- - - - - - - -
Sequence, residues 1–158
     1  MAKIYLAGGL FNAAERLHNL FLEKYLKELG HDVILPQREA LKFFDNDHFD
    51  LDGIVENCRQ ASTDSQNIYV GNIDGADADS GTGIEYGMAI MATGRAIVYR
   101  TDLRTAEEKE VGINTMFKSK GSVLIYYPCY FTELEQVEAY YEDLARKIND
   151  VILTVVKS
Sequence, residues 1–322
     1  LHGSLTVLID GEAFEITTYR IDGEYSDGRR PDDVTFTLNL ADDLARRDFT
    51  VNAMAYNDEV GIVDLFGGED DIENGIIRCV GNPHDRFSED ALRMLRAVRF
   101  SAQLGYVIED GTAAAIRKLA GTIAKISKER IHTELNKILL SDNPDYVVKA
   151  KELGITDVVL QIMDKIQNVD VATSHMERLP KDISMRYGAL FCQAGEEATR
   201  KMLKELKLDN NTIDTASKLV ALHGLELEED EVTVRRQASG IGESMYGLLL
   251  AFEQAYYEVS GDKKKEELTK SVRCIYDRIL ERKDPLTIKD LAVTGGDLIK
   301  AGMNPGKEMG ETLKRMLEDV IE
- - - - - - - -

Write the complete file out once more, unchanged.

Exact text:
Sequence, residues 1–158
     1  MAKIYLAGGL FNAAERLHNL FLEKYLKELG HDVILPQREA LKFFDNDHFD
    51  LDGIVENCRQ ASTDSQNIYV GNIDGADADS GTGIEYGMAI MATGRAIVYR
   101  TDLRTAEEKE VGINTMFKSK GSVLIYYPCY FTELEQVEAY YEDLARKIND
   151  VILTVVKS
Sequence, residues 1–322
     1  LHGSLTVLID GEAFEITTYR IDGEYSDGRR PDDVTFTLNL ADDLARRDFT
    51  VNAMAYNDEV GIVDLFGGED DIENGIIRCV GNPHDRFSED ALRMLRAVRF
   101  SAQLGYVIED GTAAAIRKLA GTIAKISKER IHTELNKILL SDNPDYVVKA
   151  KELGITDVVL QIMDKIQNVD VATSHMERLP KDISMRYGAL FCQAGEEATR
   201  KMLKELKLDN NTIDTASKLV ALHGLELEED EVTVRRQASG IGESMYGLLL
   251  AFEQAYYEVS GDKKKEELTK SVRCIYDRIL ERKDPLTIKD LAVTGGDLIK
   301  AGMNPGKEMG ETLKRMLEDV IE